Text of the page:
Understanding cubic inches, bore & stroke
I am Joe Biker Malloy, from H&L Performance. I have been working professionally on motorcycles for over 17 years now. I have been a motor builder for many years, and my partner Tom Haner and I have been fortunate enough to provide motors for many, many Orange County Chopper creations such as; the Comanche Bike, The Statue of Liberty Bike, Lugs, Livestrong, Jorge Posada build, and Chris Angel. What people may not know is that we also provide the engines to rival builders Eddie Trotta, & Jessie James, Redneck, and NYC Choppers, just to name a few. We know our motors. We have two of our own style motors out now ranging from 113 cubic inch all the way up to our 131 cubic inch. We know power, we know speed and we understand the feeling of squeezing every single inch of power from your machine. So, after much prompting from Krit (she is so relentless sometimes I want to kill her!) I have been “recruited” as the Tech Guru for NY Rider Magazine.
So, throughout the riding season send in your questions to: [email protected] and I will do my best to answer them! Now, I am not professing I know every single thing about everything- but what I do not know, I will find a colleague in the industry who does and we will find out the answers together.
So, to start off this series let’s discuss some motor basics. The next two months I will explain what bore and stroke are from a mechanical perspective and what they mean to the rider.
So as not to confuse, I will use a TwinCam 96” motor as the basis of our discussions in all of these articles. I will use different bore and stroke configurations as examples to explain how we wind up with the larger displacement engines that are common now versus a few years ago.
There are three primary ways to increase the cubic inch displacement of an engine. The first is increasing stroke, Stroke is the distance the piston travels from top dead center to bottom dead center. This distance is determined, in large part by the design of your engines flywheels. The second is by increasing the size of the bore. Bore is the diameter of the cylinder or piston. And the third, which is my favorite, is combining a longer stroke with a larger bore.
In the case of a TwinCam engine, the stock cylinders are 3.750”(3 “”) bore. If we were to use a 4” bore cylinder this 96” motor now becomes 110”. Now let’s add some stroke to the engine configuration. Let’s put a 4.625”(4 5/8”) stroke, keeping the 4” bore, you will now have a 116” motor. If we then take away the 4”bore, going back to the 3.875”(3.7/8”) bore, and just stroke the motor. Again, using the 4.625”(4 5/8”) stroke, this would give you a 109” motor. Much like baking a cake, we need the right ingredients (stroke & bore) to wind up with the displacement and configuration we desire.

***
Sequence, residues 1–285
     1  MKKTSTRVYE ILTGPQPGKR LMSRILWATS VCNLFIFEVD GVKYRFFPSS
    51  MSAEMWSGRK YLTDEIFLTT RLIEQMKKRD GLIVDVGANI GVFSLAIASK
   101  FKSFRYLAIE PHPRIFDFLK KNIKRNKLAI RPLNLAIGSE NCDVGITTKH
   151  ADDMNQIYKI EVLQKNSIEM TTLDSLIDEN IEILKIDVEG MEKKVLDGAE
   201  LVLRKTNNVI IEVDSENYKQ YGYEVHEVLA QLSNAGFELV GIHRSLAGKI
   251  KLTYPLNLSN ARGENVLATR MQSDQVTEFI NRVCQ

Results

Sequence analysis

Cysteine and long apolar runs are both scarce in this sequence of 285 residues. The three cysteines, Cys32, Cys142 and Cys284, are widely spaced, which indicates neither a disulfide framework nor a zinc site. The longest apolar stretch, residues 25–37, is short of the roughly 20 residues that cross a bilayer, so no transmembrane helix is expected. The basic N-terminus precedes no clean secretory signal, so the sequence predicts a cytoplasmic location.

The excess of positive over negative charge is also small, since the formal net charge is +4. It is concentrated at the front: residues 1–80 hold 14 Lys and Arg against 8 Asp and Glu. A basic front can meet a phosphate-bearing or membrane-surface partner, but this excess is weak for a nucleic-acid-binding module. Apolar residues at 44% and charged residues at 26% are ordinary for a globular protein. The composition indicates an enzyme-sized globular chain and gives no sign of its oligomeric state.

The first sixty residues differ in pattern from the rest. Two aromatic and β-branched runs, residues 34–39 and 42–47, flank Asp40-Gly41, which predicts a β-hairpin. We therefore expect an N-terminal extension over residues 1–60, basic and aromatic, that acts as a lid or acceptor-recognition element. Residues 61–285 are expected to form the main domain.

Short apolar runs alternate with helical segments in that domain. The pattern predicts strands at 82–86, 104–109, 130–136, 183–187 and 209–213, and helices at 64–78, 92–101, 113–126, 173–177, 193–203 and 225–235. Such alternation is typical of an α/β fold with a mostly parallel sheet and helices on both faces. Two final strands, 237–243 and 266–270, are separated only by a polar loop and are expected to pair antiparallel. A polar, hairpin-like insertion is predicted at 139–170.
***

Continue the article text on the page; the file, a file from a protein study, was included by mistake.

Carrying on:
H-D engines have a considerably long stroke when compared to most modern engines, and have inherently poor valve train geometry. It is important to remember we are still using a pushrod motor designed for the most part in the early 1900!s. Although it has been improved upon, this engine design is not optimal. The combination of long stroke and pushrod under-head cams, limit the ability of the V Twin engine to maintain or for the most part reach high RPM!s.
Harley!s usually peak power at around 6000 RPM.
But (and isn’t there is always a but), the benefit of this configuration is, that with such a long stroke, these engines make lots of low end torque. As any of you gearheads know, some of the fastest Metric bikes can be taken light to light by a beefed up and built H-D powered bike. Keep in mind, the longer the stroke, the more low end torque a motor will produce. Torque is exciting and as a result, strokers are fun.
A shorter stroke motor will not produce as much low-end torque but will spool up through the RPM range quicker. Riding style is a very important consideration when making a decision on how you are going to design and build your motor. A well built motor will last an acceptable amount of time for the money invested, but there is no doubt when considering a very long stroke, usually more than 4.750”(4 “”), you start reducing the life of the motor drastically.
Ok, pocket protector types, here are the equations to figure out the c.i.d. (cubic inch displacement) of any motor, whether it be a lawn tractor, a Harley Davidson, or a top fuel dragster. Multiply bore, times bore, times stroke, times .7854 (this is your constant), times number of cylinders.
EXAMPLE: 3.875 X 3.875 X 4.375 X .7854 X 2= 103.191 (or 103 cubic inches)
I hope this light overview explains some of the mystery regarding c.i.d, bore, stroke and how they affect the longevity and “seat of the pants” feel of your bike’s engine.
Next installment: we will talk about Stroke in greater depth.
Joe Biker Malloy